In the second blog of this series we consider some of the course related factors that need to be considered by prospective medical students.
Course length and qualifications
The standard medical course (for school leavers) is usually five years long. There are over 30 UK institutions offering standard courses, which lead to a variety of primary medical qualifications – MBchB, MBBS, BMBS, MBBCh, MBBChir, BMBCh. While this variety can appear confusing, students can rest assured that these qualifications are all variations of ‘Bachelor of Medicine and Bachelor of Surgery’ and are all validated by the GMC (General Medical Council).
At some universities (Oxford, Cambridge, UCL and Imperial) an extra 6th year of study leads to an intercalated or additional degree as a compulsory part of the course. This extra qualification is optional at many more medical schools, although it is worth noting that selection for the intercalation programme may be competitive and only open to the top ranking students in the year.
For students who have high academic achievement but who don’t hold the science subjects required for entry to a Standard course there is the option to apply to a six-year ‘Medicine with a Preliminary Year’ course. These are either Standard Entry courses with an additional year at the start, or sometimes the preliminary year is taken as a standalone one-year course. This is not an option for students who haven’t achieved the required grades to meet the entry requirements of Standard courses.
How much a medical course will cost you in tuition fees depends on whether you are classed as a Home/EU fee payer or an Overseas fee payer and on the institution you apply to. The difference in fees for Home and Overseas students is substantial (for more information read our ‘fee status’ blogs) and to further complicate matters there are different fee systems in England, Scotland, Wales and Northern Ireland. The universities will assess each student’s application for Home/EU fees on their own merits. Home/EU students are responsible for their tuition fees in the pre-clinical years but the NHS pays the tuition fees for years 5 and 6 in full.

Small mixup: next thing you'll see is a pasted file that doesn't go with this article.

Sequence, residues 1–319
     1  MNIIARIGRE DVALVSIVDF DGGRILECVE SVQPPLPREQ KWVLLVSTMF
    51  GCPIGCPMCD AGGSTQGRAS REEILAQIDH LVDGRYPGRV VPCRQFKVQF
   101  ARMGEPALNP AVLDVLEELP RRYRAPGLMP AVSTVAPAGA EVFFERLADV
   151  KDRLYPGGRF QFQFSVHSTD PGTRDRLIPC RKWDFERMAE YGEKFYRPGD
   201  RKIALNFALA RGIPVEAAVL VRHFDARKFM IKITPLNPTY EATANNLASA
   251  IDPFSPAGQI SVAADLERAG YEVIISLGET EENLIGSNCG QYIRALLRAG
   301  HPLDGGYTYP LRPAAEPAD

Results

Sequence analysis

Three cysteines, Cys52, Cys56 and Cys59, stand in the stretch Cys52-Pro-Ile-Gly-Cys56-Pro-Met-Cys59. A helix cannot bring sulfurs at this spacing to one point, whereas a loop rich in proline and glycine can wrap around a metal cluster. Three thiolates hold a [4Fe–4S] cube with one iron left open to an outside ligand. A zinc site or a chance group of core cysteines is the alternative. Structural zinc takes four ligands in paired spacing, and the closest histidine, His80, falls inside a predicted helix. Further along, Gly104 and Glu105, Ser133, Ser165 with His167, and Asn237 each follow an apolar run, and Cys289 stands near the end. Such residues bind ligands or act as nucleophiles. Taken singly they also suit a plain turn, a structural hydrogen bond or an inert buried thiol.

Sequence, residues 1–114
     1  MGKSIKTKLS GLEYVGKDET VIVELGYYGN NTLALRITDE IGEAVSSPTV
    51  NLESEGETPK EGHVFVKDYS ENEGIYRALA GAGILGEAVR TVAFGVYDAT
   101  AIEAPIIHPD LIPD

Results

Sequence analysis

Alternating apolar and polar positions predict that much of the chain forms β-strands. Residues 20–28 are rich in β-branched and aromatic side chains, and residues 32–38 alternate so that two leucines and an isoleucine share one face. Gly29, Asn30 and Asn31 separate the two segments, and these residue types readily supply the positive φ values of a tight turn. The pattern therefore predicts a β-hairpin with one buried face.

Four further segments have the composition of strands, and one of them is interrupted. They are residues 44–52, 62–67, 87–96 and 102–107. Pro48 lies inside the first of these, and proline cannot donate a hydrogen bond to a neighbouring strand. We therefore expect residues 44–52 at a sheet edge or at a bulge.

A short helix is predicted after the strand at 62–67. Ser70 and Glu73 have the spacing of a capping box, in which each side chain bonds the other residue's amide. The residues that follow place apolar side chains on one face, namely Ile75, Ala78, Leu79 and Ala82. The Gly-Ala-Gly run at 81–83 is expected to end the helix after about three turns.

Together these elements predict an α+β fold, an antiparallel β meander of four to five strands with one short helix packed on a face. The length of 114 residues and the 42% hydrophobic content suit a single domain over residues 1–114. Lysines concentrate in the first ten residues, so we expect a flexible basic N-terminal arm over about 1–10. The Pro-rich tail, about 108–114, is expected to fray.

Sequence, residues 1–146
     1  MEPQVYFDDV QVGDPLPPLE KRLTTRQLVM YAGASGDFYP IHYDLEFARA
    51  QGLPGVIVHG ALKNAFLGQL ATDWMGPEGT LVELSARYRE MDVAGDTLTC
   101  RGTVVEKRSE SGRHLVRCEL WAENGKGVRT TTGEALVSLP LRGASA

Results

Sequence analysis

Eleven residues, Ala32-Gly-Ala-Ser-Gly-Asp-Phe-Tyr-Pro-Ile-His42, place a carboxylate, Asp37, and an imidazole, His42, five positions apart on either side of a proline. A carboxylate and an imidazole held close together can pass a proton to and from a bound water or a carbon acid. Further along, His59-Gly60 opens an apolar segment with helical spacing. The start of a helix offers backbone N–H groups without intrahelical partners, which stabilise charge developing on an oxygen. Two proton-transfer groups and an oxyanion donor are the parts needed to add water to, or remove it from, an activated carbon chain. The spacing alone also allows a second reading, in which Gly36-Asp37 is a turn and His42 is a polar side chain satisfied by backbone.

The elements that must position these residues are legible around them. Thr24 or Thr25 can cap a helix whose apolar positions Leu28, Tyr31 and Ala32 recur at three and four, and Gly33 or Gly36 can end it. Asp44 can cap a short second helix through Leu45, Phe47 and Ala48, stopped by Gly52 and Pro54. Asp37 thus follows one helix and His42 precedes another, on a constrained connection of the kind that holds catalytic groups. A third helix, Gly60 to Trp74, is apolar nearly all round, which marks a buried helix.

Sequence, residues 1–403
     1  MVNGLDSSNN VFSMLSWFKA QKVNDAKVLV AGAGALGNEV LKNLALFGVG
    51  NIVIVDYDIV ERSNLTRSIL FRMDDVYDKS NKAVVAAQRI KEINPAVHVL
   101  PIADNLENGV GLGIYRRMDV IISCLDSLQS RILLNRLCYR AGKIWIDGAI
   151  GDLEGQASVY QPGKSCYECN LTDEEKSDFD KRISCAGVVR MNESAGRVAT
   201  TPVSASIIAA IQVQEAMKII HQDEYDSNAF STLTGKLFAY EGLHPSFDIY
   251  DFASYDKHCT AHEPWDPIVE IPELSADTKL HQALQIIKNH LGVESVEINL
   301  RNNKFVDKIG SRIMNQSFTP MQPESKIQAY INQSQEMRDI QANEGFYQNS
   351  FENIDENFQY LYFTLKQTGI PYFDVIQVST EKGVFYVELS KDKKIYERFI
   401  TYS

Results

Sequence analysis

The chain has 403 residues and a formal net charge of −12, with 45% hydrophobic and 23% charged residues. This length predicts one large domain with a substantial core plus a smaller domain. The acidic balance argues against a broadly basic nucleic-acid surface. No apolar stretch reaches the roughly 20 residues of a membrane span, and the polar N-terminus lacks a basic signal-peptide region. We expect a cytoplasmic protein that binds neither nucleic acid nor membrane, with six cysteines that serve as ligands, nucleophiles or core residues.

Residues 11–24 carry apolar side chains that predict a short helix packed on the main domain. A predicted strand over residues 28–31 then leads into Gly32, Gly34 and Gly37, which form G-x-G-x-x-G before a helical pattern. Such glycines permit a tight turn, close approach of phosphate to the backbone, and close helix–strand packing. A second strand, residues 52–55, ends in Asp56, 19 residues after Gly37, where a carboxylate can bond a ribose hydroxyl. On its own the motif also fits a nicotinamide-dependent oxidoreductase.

Type of course
Although all UK medical schools adhere to standards set by the GMC each course is different and each uses different teaching methods. It is therefore very important that applicants think carefully about the type of learning that would suit them best. Courses can generally be divided into:
- Traditional pre-clinical and clinical – as practised by Oxford and Cambridge. These courses start with 2 years of mainly lectures and tutorials covering science based modules. These are followed by three years of a clinical course which will include GP placements and hospital work in addition to subject based lectures. This course structure often appeals to students who wish to have a solid grounding in the science before much patient interaction.
- Integrated – this method is now practised by the majority of medical schools and combines theory with patient contact from the very start of the course. In contrast to the traditional courses, scientific knowledge is taught by topic rather than discipline. Integrated courses can be further subdivided into those that specialise in Problem-based learning (PBL), Case-based learning (CBL) and Enquiry-based learning (EBL) all of which may appeal to the student who is a good independent learner and proactive in their approach to study.
- PBL is practised by Manchester, Glasgow, Queen Mary, Peninsula, Sheffield, Keele, Hull and York, Barts and East Anglia. Here the emphasis is on peer-to-peer teaching, small group learning and problem solving. Different medical schools use PBL to a greater or lesser extent, some teaching entirely by PBL with others using the method only occasionally.
- CBL is offered by Liverpool, Cardiff and Glasgow. This is very similar to PBL and uses virtual ‘trigger’ cases to prompt learning of a particular area of the curriculum.
- Enquiry-based learning (EBL) as practised by Birmingham. Again this is similar to PBL but learning starts with the posing of questions, problems or scenarios.
As well as differing in terms of teaching style, structure and patient contact, UK medical schools also differ in their methods of selection. Research is key in order for students to fit themselves to the school that best suits them and we will consider some of these differences in the next blog.